The Stone Gi­ant

As if three hors cat­e­gorie climbs isn’t tough enough, this ride in­cludes the mighty St Got­thard Pass, which mixes steep hair­pins with cob­bles

Cyclist - - Contents - Words HENRY CATCHPOLE Pho­tog­ra­phy PATRIK LUNDIN

Cy­clist heads to the Swiss Alps to tackle a ride that takes in not one, not two, but three hors cat­e­gorie climbs. Oh, and if that wasn’t enough, one of them is cob­bled too

et’s take bets on the name,’ says Phil.

‘I sup­pose it beats another game of “I spy”,’ I re­ply from the driver’s seat. ‘What did be­gin with “R” by the way?’ ‘Rachel.’ ‘What?’ ‘Yeah, I saw a woman in a car go­ing the other way and I thought she was prob­a­bly called Rachel.’ I’m un­cer­tain how best to re­spond to this in­for­ma­tion. My thoughts re­turn to Phil’s sug­ges­tion, and there fol­lows a con­sid­ered si­lence for a few miles while var­i­ous ti­tles for the new cy­cling magazine swirl around our heads like wine­tast­ing with words. Out­side our Skoda Su­perb, Switzer­land slips serenely past. ‘I’m go­ing for Ca­dence,’ says pho­tog­ra­pher Paul, fi­nally. ‘I think they might go for some­thing re­ally sim­ple, like Cy­cling, but some­one prob­a­bly al­ready owns the rights to that,’ I add, rather un­cer­tainly.

‘How about Ge­of­frey?’ sug­gests Phil. ‘I like the name Ge­of­frey.’ Ja­son, sen­si­bly, sleeps through all this.

Happy re­turns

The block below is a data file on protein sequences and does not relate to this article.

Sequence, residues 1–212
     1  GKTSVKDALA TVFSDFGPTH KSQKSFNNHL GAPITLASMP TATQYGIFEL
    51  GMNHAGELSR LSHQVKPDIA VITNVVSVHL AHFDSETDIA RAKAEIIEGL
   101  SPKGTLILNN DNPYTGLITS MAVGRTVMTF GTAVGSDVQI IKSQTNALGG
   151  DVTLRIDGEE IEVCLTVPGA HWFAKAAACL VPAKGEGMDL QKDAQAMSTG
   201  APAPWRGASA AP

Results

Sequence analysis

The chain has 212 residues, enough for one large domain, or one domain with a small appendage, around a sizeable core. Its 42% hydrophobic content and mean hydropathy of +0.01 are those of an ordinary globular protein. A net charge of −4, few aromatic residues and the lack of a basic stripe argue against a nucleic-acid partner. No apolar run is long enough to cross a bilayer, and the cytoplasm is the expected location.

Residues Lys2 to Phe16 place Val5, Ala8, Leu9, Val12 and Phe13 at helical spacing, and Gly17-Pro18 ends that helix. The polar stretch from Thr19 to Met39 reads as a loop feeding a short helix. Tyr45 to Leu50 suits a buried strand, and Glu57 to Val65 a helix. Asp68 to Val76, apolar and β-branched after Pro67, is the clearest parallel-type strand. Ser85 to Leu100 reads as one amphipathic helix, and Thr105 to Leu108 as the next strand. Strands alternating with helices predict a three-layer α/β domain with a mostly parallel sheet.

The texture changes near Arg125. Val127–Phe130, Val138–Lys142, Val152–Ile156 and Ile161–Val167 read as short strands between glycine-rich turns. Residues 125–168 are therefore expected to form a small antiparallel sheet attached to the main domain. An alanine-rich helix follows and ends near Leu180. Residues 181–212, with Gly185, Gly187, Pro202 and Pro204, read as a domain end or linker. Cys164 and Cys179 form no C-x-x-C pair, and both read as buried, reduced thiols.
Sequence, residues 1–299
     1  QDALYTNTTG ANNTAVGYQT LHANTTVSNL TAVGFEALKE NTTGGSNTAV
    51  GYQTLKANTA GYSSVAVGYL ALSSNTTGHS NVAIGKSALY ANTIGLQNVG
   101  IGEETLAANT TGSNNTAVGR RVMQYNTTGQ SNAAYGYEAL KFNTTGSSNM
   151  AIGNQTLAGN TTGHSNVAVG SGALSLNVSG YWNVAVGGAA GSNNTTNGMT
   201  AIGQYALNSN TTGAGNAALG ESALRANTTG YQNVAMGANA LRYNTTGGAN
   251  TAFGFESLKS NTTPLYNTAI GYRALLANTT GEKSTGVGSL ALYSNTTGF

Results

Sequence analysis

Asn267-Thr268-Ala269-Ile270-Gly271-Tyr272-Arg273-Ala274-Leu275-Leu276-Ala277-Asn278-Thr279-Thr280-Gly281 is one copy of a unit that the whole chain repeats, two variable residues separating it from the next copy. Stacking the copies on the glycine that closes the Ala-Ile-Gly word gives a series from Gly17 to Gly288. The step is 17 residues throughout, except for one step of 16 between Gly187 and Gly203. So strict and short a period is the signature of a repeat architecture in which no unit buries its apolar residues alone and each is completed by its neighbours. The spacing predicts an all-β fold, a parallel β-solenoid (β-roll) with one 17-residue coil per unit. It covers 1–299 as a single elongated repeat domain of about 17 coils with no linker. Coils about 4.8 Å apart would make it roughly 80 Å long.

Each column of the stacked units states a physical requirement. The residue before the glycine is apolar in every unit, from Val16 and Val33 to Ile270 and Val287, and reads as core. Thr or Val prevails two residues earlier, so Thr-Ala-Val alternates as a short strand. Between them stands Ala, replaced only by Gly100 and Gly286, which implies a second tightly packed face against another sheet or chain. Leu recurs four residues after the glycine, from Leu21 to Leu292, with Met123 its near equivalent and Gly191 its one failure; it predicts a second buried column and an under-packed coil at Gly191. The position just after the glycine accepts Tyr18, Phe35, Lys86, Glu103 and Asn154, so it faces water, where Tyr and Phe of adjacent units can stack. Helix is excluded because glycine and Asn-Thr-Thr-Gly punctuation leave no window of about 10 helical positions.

That was back in 2012, when socks were a bit shorter, Chris Froome had yet to win a Tour de France, aero hel­mets were used only by time-tri­al­ists, and the as-yet-un­named Cy­clist was still hid­den from the world, ges­tat­ing like an un­born magazine baby in the womb of Den­nis Pub­lish­ing HQ. The fol­low­ing day we would do a ride over the Grim­sel, Furka and Susten passes that would even­tu­ally ap­pear in the very first is­sue of the magazine, and although I have done plenty of Big Rides in the 60-plus is­sues since then, I think that first ride re­mains one of the most sceni­cally spec­tac­u­lar.

All of which means to­day should be a pretty good day. If you imag­ine that first Swiss loop as the top of a fig­ure of eight, then to­day I’m go­ing to at­tempt the bot­tom loop, tak­ing in the HC climbs of the Nufe­nen and St Got­thard passes, with the Furka the com­mon stretch of tar­mac in the mid­dle of the eight (al­beit rid­den the op­po­site way to­day).

As I clip se­curely into my ped­als out­side the ho­tel and weave be­tween the chalets and barns of Reckin­genGlurin­gen, with their dark roasted cof­fee-colour wood, I’m in the com­pany of two oth­ers, just as I was on that first ride. This time, how­ever, my com­pan­ions are lo­cals, and quite in­tim­i­dat­ing ones at that.